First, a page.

“But what did these youths really want?” asks Philippe Tesson in the book May 1968, At the Heart of the Student Revolt in France, which he has co-authored with Barbey. “The economy in France and the rest of Europe was doing very well at the time,” Barbey writes, “there was no joblessness; in fact the economy was growing. The youth at the time were well off compared with the youth of today.”
Indeed, as Tesson says, these students were “mostly the children of the petits bourgeois”, from conservative, conventional backgrounds. But their irreverent chanting of “Adieu de Gaulle, adieu de Gaulle” clearly resonated with the frustration of a whole population disillusioned by the stagnant government of a re-elected prime minister. By 10 May the student protests against out-dated tradition had evolved into an uprising for workers’ rights and gender equality, and against capitalism.
“The most singular thing about May 1968 was the way the movement spread out throughout society,” writes Tesson. Major union federations called for a one-day strike in which workers, embittered by poor standards of living and low wages, were to march in solidarity with the students; by 16 May – less than two weeks after the first riots – roughly 50 factories throughout France were occupied by over 200,000 workers on strike.
The shut-down spread, with lighting-speed, to the rail network, the postal service, and even the nationalised media. By 23 May, that figure had snowballed into a mighty seven million, 22% of the country’s population at the time.
“The most astonishing aspect of May ‘68 was to see all these open discussions among every social milieu, and this need people had to speak up for everyone else,” Barbey has told Magnum. “I remember this young student trying to talk with the Renault workers through some railings, she wanted to share her mad ideas to change the world.”
Claude Dityvon (1937-2008) was another photographer whose images have become iconic of the student-worker revolt – but in his case by his own efforts, rather than via the press. François Cheval, author of a new book on Dityvon called Mai 68 – État des leux [May 68 – State of Play] explains, “The act of photographing has become, thanks to him, a necessity and a freedom. The freedom of the press, and of a large part of the profession, freed him from journalistic shackles.”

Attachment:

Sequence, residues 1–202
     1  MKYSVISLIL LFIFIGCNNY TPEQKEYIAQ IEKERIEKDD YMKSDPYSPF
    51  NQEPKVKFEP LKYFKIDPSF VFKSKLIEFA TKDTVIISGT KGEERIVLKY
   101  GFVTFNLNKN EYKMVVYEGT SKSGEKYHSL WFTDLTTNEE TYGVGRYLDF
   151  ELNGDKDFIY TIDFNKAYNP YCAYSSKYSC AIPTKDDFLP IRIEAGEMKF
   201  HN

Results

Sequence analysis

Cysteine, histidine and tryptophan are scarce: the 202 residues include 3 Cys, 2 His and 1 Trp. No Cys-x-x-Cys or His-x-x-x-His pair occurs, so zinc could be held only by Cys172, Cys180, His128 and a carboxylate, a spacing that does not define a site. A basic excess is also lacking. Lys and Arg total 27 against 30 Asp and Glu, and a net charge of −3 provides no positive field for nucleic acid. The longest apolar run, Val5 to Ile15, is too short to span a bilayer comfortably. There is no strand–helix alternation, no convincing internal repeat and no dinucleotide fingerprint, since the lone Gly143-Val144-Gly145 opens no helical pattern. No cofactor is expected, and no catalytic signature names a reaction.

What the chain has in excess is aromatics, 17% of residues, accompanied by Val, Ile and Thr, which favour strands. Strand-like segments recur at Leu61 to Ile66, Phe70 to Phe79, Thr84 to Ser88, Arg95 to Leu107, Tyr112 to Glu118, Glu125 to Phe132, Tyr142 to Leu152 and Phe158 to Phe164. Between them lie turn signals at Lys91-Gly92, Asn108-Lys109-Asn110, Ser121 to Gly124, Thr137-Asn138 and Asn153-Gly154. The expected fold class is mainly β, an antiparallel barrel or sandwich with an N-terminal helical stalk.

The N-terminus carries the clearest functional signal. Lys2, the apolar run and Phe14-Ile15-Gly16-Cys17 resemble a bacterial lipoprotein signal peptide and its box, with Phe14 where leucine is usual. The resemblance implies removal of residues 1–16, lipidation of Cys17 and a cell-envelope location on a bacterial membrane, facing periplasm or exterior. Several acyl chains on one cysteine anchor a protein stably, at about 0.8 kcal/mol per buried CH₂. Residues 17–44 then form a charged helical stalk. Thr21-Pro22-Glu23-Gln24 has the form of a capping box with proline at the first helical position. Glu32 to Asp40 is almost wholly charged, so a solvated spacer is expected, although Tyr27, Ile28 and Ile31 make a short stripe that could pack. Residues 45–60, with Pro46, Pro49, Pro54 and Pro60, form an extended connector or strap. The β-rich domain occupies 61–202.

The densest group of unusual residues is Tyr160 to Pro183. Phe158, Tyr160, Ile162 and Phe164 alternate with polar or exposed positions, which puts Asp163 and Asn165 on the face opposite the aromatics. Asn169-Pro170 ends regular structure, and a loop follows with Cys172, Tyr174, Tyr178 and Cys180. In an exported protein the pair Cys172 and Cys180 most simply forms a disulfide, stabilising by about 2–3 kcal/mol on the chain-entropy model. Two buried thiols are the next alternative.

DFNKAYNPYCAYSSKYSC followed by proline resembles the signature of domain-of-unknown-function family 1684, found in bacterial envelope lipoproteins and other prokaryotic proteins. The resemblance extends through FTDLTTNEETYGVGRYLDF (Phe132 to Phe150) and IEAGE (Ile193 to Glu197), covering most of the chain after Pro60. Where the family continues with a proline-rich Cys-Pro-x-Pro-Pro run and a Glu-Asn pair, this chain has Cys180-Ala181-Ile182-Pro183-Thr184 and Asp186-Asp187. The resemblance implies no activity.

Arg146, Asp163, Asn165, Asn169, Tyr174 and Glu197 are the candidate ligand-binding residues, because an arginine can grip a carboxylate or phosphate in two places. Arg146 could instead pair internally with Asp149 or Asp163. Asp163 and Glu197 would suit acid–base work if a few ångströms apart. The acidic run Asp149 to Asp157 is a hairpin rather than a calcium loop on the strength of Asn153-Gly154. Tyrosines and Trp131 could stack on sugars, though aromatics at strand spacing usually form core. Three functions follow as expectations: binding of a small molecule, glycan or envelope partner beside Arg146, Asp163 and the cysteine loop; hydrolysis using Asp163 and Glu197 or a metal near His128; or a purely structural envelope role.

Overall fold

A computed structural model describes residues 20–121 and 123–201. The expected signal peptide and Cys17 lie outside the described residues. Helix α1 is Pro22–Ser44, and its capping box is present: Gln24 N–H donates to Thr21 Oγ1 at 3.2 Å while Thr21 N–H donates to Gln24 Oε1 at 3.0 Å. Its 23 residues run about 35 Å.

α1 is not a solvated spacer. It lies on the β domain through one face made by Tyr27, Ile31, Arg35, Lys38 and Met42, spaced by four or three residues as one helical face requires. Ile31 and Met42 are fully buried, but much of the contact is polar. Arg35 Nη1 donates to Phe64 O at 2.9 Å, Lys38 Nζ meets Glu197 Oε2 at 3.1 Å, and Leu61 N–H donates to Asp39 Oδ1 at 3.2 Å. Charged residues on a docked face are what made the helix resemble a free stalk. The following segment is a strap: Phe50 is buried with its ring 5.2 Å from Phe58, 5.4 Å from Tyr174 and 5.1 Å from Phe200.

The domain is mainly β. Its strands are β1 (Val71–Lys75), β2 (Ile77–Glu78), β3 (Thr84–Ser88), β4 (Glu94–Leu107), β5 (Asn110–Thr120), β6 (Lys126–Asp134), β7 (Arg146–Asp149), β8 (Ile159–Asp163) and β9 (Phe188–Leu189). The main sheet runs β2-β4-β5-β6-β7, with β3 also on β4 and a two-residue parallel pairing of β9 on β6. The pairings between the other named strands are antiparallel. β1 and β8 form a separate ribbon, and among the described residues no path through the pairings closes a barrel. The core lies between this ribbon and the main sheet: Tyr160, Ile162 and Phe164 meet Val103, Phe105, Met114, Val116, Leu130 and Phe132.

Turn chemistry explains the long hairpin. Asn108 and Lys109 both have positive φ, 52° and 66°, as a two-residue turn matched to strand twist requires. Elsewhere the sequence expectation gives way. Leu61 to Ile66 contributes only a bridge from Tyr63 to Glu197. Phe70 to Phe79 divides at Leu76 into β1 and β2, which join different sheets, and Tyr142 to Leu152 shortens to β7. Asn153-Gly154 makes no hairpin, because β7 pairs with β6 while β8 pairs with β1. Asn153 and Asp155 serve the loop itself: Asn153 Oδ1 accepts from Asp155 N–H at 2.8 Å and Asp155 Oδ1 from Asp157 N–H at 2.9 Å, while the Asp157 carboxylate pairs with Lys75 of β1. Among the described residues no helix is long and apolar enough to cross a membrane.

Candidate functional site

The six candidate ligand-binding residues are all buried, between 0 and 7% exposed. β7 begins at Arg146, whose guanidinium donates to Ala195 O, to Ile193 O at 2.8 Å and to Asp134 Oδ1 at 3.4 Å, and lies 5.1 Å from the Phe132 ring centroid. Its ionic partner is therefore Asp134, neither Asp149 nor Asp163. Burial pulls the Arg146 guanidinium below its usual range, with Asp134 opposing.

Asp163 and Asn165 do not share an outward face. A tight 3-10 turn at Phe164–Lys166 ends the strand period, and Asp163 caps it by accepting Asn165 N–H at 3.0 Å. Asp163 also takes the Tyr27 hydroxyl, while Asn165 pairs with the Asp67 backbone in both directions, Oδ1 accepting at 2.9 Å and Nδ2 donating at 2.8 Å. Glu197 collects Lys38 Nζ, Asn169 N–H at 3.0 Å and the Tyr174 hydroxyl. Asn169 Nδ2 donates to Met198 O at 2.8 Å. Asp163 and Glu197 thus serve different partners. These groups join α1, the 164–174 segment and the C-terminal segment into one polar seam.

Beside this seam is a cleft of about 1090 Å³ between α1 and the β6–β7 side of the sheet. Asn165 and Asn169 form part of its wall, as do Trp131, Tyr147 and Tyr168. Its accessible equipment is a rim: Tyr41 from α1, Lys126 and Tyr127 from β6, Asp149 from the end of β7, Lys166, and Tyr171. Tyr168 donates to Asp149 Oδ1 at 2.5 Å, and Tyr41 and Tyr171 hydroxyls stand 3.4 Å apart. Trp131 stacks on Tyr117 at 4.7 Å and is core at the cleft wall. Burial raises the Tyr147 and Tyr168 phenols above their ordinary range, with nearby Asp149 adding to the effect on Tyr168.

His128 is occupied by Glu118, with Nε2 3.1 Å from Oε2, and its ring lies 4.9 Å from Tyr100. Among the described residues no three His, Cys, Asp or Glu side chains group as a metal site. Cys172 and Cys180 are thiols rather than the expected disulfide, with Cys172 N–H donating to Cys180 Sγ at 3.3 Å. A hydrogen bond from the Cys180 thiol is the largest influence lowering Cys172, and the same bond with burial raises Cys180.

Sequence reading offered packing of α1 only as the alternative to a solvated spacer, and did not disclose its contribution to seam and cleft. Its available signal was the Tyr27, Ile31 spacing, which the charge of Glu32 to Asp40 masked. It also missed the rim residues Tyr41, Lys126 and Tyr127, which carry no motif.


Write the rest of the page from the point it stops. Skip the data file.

A self-taught photographer, Dityvon’s images were barely seen and never published, at the time, on the grounds that they were art rather than journalism. The print press, says Cheval, was controlled by financial and industrial groups who did not want to see the merging of document and art, but rather a “twi-lit story of the clashes between good and evil”.
Driven by instinct, passion, and a desire to create his own, personal series of images, Dityvon provides an alternative record of ‘68, including an extraordinary photograph of a man sitting on a chair in the middle of the Latin Quarter at 2am, surrounded by tear gas. “Dityvon does not expect anything from these photographs, except the urgency to do them,” says Cheval.
Eventually, on 30 May – after two weeks of paralysed industry and an increasingly agitated government – De Gaulle settled for another general election, ordering workers to return to work with immediate effect. The union accepted, and by the end of June, feelings of revolution had faded, and the Gaullists had won another victory.
To some, the re-election of De Gaulle meant that May ‘68 was a failed revolution, perhaps nothing but a naive summer’s daydream. But for others, it was a key event that led to the eventual restructuring of education and workers’ rights, and a re-evaluation of contemporary capitalism.
Fifty years on, the world’s political and social climate again seems futile to many. Yet since then we have seen many marches of liberation led by young people – most recently in protests on gun laws in the US. While the fires of ‘68 have died, memories of what they stood for continue to burn.
Gilles Caron’s photography from May ‘68 is on show as part of the Pavilion Commission at Photo London this weekend https://photolondon.org/event/pavilion-commission-gilles-caron-may-68/
May ‘68: At the Heart of the Student Revolt by Bruno Barbey and Phillipe Tesson is published by Les Editions du Pacifique, priced €35 http://www.leseditionsdupacifique.com.
Mai 68 – État des leux, featuring the work of Claude Dityvon and essays by Francois Cheval and Christian Caujolle is published by Andre Frere Editions, priced €33.50 http://www.andrefrereditions.com/
Icônes de mai 68 : Les images ont une histoire is a large exhibition of press images from May 68, on show at The National Library in Paris until 26 August expositions.bnf.fr/mai68